1 1 . Hence the timing of the various steps in the operation is important. Even
a short delay in stopping a pump or closing a valve can allow a significant
quantity of oil to escape into the sea.
12. As with dirty ballast, the time required for oil and water to separate in
the slop tank depends upon the motion of the ship as well as on the type
of previous cargo.
13. Under favourable conditions a few hours may be enough, but longer
periods are desirable. In most circumstances, 36 hours or more should be
14. Before starting discharge an accurate interface and ullage reading must
be taken to determine the depth of the oil layer.
15. The interface profile may vary over several inches in depth. Hence, dis-
charge from the tank must cease well before the measured interface is
reached to avoid discharge of any oil-in-water emulsion overboard.
16. Although every effort should be made to remove as much water as
possible from the slop tank, the prime objective is to prevent oily water
reaching the sea.
17. Extreme care is therefore necessary, and the overboard discharge must
be closely checked.
18. Agitation of the slop tank contents must be kept to a minimum to avoid
drawing surface oil into the suction by vortex or weir effects, particularly
as the oil/water interface approaches the top of the structural members
in the tank bottom. Pumping rates must be strictly controlled.
The following detailed procedures should be followed:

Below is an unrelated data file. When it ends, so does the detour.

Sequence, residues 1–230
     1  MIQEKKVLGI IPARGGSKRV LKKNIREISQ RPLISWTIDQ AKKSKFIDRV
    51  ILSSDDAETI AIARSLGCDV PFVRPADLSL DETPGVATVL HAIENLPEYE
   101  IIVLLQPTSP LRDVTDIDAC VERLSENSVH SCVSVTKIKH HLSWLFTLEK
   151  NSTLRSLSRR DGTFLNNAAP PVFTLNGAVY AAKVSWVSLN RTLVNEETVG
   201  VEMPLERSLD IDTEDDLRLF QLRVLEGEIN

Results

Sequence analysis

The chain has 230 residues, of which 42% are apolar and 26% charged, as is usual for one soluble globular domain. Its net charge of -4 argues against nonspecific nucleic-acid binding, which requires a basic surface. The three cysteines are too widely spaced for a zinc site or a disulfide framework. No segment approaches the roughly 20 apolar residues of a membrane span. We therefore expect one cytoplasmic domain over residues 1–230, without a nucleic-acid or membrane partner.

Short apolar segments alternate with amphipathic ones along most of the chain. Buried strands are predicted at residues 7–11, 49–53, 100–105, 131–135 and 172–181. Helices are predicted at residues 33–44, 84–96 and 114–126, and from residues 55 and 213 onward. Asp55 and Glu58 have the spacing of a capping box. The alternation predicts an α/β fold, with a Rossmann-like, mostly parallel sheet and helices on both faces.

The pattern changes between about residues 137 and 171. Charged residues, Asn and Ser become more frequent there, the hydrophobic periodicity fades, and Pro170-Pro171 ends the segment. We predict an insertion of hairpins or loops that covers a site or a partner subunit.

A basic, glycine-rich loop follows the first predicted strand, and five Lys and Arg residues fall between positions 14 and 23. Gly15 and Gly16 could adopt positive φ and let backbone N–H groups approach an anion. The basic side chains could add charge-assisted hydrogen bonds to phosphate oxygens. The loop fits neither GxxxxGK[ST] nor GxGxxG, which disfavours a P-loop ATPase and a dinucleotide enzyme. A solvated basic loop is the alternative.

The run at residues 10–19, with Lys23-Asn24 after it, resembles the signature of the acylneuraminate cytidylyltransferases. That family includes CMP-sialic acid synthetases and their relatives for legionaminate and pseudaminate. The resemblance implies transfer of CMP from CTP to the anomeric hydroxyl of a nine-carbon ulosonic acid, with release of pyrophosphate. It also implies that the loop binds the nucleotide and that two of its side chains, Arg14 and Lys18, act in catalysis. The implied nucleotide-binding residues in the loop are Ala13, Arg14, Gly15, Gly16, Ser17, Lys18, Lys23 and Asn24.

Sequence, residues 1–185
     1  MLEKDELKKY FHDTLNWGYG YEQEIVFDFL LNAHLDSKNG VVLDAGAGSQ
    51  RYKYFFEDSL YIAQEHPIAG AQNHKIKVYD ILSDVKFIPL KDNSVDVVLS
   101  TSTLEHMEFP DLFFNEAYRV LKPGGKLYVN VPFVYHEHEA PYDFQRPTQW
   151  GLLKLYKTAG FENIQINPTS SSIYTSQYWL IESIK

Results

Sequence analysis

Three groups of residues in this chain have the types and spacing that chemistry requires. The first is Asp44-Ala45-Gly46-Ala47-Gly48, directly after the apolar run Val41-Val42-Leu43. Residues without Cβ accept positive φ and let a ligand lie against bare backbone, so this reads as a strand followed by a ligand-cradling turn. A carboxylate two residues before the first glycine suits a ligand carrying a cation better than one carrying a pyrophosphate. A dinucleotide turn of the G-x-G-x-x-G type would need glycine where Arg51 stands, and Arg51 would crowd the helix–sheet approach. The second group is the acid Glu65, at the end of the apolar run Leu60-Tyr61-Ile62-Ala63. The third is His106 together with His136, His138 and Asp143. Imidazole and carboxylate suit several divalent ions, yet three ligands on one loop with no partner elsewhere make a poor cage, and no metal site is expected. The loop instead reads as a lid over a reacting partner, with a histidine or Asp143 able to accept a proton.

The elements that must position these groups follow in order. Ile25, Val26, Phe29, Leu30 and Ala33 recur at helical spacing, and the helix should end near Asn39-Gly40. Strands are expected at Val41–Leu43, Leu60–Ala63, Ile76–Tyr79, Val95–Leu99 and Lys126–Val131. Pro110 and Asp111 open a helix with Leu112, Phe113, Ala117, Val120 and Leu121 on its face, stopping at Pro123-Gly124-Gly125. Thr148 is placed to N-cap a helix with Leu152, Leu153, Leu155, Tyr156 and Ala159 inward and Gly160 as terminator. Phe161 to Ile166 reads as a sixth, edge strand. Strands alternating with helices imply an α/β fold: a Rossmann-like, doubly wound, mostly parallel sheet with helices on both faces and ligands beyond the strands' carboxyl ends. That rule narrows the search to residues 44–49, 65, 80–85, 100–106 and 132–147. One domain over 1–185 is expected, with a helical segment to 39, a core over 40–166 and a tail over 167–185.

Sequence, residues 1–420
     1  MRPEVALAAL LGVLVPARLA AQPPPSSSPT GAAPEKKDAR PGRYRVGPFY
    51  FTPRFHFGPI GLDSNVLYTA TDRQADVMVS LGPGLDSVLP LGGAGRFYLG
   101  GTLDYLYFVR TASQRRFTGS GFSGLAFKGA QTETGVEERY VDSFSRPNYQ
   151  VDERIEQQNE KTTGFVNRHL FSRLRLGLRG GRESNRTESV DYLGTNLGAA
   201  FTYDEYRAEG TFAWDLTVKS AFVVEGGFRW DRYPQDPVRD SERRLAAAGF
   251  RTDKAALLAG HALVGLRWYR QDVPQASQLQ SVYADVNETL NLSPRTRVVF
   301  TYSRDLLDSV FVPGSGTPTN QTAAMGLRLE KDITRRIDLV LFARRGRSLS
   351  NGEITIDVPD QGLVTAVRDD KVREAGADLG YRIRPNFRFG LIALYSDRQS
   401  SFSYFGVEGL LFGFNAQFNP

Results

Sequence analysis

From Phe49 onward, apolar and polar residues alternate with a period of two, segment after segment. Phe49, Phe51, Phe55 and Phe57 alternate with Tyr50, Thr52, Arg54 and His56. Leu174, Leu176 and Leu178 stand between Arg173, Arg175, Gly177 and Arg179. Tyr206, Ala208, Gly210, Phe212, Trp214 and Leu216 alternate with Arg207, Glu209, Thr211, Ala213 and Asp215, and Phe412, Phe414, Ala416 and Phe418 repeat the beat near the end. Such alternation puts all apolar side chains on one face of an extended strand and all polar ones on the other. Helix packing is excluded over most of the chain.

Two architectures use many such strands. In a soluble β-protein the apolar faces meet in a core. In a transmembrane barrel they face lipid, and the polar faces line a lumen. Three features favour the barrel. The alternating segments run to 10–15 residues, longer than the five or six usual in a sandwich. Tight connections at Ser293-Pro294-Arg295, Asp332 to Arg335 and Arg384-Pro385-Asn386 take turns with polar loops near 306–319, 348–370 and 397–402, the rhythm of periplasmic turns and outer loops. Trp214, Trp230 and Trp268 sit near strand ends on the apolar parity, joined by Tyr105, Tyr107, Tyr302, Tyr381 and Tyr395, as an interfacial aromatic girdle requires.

(a) Pump down the slop tank using one main cargo pump at slow speed
until a water depth of about 1 5 per cent of the tank depth is reached.
(b) Stop the cargo pump, then take an oil/water interface and ullage
reading and re-calculate the remaining water depth.
(c) Resume pumping of the slop tank, this time using a stripping pump,
until a predetermined water depth is reached which, for the par-
ticular size and construction of the slop tank, is known not to give
rise to discharge of oil. Pumping, which may initially be at a moderate
rate, should be slowed as this predetermined water depth is ap-
proached. Check visually (or by instruments) for any signs of oil in
the water issuing from the stripping pump drain cock.
(d) If oil should appear before the predetermined water depth is reached,
(e) Should this occur, further settling of the slop tank contents should
be allowed for as long as possible before repeating steps (c) and (d).
(f) No decanting must take place beyond the predetermined water depth.
(I) Final Line and Pump Flush
19. As an added precaution, after these operations have been completed and
while the ship is still more than 50 miles from any coast, the lines and
pumps which will be used to discharge clean ballast must be thoroughly
flushed to sea.
(J) Discharging Clean Ballast
20. If the tank washing has been carried out as described, there should be no
risk of any oil being discharged overboard in the loading port. Neverthe-
less, the ballast outlet should be watched, particularly when draining a
tank bottom, as this is the most likely time for oil to be picked up. If this
happens discharge must be stopped immediately and the remainder in
the tanks stripped to the slop tank.
(K) Disposal of Slop Tank Residues
21. Before reaching the loading port the master should advise his owners or
charterers of the amount of retained residues on board. These may be
disposed of in several ways :
(a) Pump the residues ashore at the loading terminal, subject to reception
facilities being available.
(b) Retain the residues on board and load the new cargo on top of them.
(c) Retain the residues on board, but segregated from the new cargo.
If this is done, it may be possible to pump them ashore at the dis-
charge terminal, if reception facilities are available. It may, however,
be necessary to carry them forward for more than one voyage.
(L) Handling Sludge
22. Only small quantities of sludge should remain in the cargo tanks after
23. Most of the sludge that accumulates on tank bottoms and internal
structures can be stripped to the slop tank and discharged later, together
with the next cargo or to shore reception facilities.